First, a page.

Churches, like any other businesses in today’s environment, must take steps to ensure the safety of their congregations.
Because emergencies happen to all businesses, a thoughtful and resilient emergency plan of action is prudent.
As of December 19, 108 people were killed in churches in 2017.
When an active shooter on November 5, 2017, killed 26 people and wounded 20 at a rural Baptist church in Sutherland Springs, Texas, media, public, and political concerns reached a new high.
This church attack was the deadliest active shooting by an individual in Texas history and the fifth-deadliest in the United States. It is the most devastating active shooting in an American place of worship in our history.
Such events disappear quickly from the front pages of mainstream media, and many people, including pastors and congregants, resort to thinking, “it can’t happen to us.” Hopefully, it won’t.
Although the chances that your congregants will be involved in such an attack are slim, church leadership must accept the possibility and plan for this and all other possible emergencies.
Having worked in the field of crisis communications, prevention, and management for 40-years, I believe in and practice with my clients “ praying for the best while preparing for the worse.”
Organizations that do so will survive and recover; those that don’t suffer severe and often irreparable consequences.
This series of columns will provide insight into the questions that church leaders and pastors must consider as they plan for the safety of their congregants.
Planning for the necessary personnel to respond, the communication of the event, training church personnel, and the event follow-up should cover issues such as:
- Why houses of worship need an emergency response plan and the types of emergencies to include.
- The importance of a facilitated dialogue with leadership and congregants about developing an action plan that includes law enforcement, emergency response, legal and insurance personnel a process we call “Collaborative Informed Consent.”
- Considerations of hiring professional security personnel or using volunteers, including a “talent inventory” from your congregants.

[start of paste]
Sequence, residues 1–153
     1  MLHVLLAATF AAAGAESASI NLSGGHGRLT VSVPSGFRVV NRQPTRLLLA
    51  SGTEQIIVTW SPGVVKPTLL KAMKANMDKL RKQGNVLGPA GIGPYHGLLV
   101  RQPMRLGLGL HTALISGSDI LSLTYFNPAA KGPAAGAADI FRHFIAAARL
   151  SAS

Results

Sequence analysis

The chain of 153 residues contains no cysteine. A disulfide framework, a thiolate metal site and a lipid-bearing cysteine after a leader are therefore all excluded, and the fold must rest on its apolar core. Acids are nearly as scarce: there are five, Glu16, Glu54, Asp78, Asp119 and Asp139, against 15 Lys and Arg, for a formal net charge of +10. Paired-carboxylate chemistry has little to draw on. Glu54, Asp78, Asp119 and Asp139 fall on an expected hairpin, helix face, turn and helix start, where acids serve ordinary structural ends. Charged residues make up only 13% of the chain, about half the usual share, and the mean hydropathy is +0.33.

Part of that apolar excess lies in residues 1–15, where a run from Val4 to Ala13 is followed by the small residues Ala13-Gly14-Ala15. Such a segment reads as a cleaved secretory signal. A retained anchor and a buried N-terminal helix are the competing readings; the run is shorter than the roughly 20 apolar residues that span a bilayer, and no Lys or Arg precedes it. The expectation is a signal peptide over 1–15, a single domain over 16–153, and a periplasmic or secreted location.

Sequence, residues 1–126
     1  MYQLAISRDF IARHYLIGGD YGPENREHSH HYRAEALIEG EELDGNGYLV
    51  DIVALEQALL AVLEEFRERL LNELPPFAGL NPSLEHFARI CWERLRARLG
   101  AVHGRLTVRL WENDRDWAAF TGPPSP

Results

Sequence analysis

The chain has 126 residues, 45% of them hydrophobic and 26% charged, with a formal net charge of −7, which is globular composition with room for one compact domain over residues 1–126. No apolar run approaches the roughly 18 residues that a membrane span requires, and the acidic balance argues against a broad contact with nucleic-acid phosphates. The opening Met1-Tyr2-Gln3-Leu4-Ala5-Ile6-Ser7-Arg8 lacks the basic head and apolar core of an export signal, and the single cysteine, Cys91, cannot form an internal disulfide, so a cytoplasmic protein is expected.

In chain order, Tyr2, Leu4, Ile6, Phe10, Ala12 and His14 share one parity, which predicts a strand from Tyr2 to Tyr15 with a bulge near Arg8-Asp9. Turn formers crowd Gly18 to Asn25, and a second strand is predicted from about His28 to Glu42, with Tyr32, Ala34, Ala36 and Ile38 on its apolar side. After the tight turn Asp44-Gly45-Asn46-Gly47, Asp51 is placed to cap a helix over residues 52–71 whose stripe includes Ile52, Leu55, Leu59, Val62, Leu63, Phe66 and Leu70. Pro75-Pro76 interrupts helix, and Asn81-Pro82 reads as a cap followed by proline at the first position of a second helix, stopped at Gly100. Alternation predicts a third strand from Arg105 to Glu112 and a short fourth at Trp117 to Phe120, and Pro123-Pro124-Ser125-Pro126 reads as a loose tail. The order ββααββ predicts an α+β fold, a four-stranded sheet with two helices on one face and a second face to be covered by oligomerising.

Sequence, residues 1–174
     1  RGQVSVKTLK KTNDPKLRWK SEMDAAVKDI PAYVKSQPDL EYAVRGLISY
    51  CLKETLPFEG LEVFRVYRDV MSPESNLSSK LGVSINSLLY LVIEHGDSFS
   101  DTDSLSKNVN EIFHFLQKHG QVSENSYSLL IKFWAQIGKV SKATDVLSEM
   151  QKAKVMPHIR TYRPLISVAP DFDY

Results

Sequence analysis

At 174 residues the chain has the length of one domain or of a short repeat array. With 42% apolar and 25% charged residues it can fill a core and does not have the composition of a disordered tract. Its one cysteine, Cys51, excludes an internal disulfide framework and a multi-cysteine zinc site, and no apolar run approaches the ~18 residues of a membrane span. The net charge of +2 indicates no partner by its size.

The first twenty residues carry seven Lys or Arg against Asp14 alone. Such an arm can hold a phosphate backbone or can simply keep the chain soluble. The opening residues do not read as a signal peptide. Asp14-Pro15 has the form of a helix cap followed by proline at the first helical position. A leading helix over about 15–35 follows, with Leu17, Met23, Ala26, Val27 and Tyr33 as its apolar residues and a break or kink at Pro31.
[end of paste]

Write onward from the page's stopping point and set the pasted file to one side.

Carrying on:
- Conducting a risk analysis and evaluation of your church facility, parking lot, and personnel.
- Why your institution is a “soft target” and how to “harden” it by quickly achieving “soft” and “hard” lockdowns.
- Having trained “screeners” and the options for action they must take when an incident develops.
- Understanding your internal and external communication needs and venues before, during, and after a crisis.
- Considering non-lethal and lethal options.
- How to gather intelligence and ensure confidentiality.
- How to protect children and seniors who are the most vulnerable members of your congregation.
- Understanding what an active shooter is and how they think.
- The times of day and the days of the week your church is most vulnerable.
- The role of active or retired military, law enforcement, and concealed carry permit holders on your security team.
- What you must communicate to your congregation about your plan and what they must do in the event of an emergency, including an active shooter.
- Whether you should post signage, and, if so, what should it say?
- Establishing proactive establishment of post-event counseling and recovery assistance.
- Teaching self-awareness and using the “see something, say something” strategy.
- Pros and cons of “Run, hide and fight.”
- The need for “Stop the Bleed” first-aid kits and training.
These columns share the expertise gleaned from our four decades of experience in crisis planning and management and those involved in church security nationwide. We challenge you to explore what has become a vitally important role in today’s houses of worship – safety and security and not just to conclude that carrying a weapon in a house of prayer is all you have to do to protect your congregants.
Interested persons can find additional information including an introductory video on church security, podcasts, and downloadable materials at www.ldarrylarmstrong.com. A pilot webinar is under development, and those interested in participating in this pilot can register at our website to receive announcements of future presentation dates.
(L. Darryl Armstrong Ph.D. is the principal at L. Darryl ARMSTRONG and Associates LLC, a firm providing crisis communications and consulting training nation-wide. Dr. Armstrong, who holds a doctoral degree in neuro-linguistics, graduated from Murray State University in communications and behavioral psychology and the Executive Security Institute with an emphasis in security planning. For limited speaking engagements and consulting, contact him at 1.888.340.2006, email@example.com and www.ldarrylarmstrong.com.)